“I had no water to wash myself. And in Spain, there is no social welfare like here. If you’re on your own, you’re on your own. I sold drugs to feed my habit but mostly stole from tourists’ houses.” He now helps addicts to get clean.
“The biggest obstacle for them is fear. Fear of sickness. But heroin withdrawal could take two to three days and I have yet to hear of someone dying during this process.”
The heroin problem is not just on the streets. The recovering and former addicts head out “evangelising”, stopping to talk to addicts and alcoholics and telling them about their free services, which saved Philip from his own addictions.
“We go fundraising for our women’s centre and evangelising in the estates too and recently met a mother in Knocknaheeny that invited us in to talk to her son, a heroin addict. He wanted help so much but was so afraid of the sickness. Families are broken and in desperation.”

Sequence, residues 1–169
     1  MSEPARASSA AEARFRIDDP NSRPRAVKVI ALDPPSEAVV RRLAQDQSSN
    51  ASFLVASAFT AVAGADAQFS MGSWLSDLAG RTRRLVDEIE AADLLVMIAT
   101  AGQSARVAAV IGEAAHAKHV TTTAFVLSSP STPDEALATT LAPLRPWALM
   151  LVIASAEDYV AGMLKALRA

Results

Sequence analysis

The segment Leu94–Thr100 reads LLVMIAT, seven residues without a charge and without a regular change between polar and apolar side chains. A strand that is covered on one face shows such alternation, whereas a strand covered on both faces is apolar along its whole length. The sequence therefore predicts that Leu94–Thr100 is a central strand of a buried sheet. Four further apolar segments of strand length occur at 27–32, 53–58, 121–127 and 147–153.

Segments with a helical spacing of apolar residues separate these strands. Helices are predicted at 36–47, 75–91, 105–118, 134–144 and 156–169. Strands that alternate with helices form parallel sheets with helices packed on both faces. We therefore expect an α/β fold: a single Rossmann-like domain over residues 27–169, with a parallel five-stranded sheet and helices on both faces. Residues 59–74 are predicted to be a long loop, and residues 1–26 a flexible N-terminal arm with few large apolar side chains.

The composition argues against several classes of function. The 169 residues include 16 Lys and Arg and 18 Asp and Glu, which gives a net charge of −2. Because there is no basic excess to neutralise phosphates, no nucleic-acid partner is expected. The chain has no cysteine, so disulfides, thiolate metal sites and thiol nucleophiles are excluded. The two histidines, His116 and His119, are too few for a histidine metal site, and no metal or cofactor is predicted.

We come across two Polish men on Grand Parade. They smell of urine and are unwashed, wearing ragged clothes. However, they beam a smile at the five boys as we approach. Suddenly, they are deep in conversation with Marek.
He and Philip sit down with the men, who are roughly in their 50s. It’s hard to tell their age through the dirt. The boys stand up, embrace the two men warmly, without fear, and we move on.
Philip explains that addicts are often on Oliver Plunkett Street, Bishop Lucey Park and Grand Parade. “Anywhere where they can go tapping, or robbing. There are lots of women on the streets too.”
As we talk, we come to a boy begging on Paul Street. Marek tells me he is Latvian and in his early twenties. “You can see the heroin and the pain in his eyes.”
Marek speaks to the boy, who sits on the ground outside a restaurant eating a cheese sandwich.
He becomes agitated and tells the team from Victory Outreach to go away. The boy has seen a man on the street to whom he owes money.
They have come to know the personal circumstances of many heroin addicts and hope that some will visit for help. For more information about Victory Outreach, contact 021-4279476 or 085-1251111 or visit www.victoryoutreachcork.ie.(Has been hacked)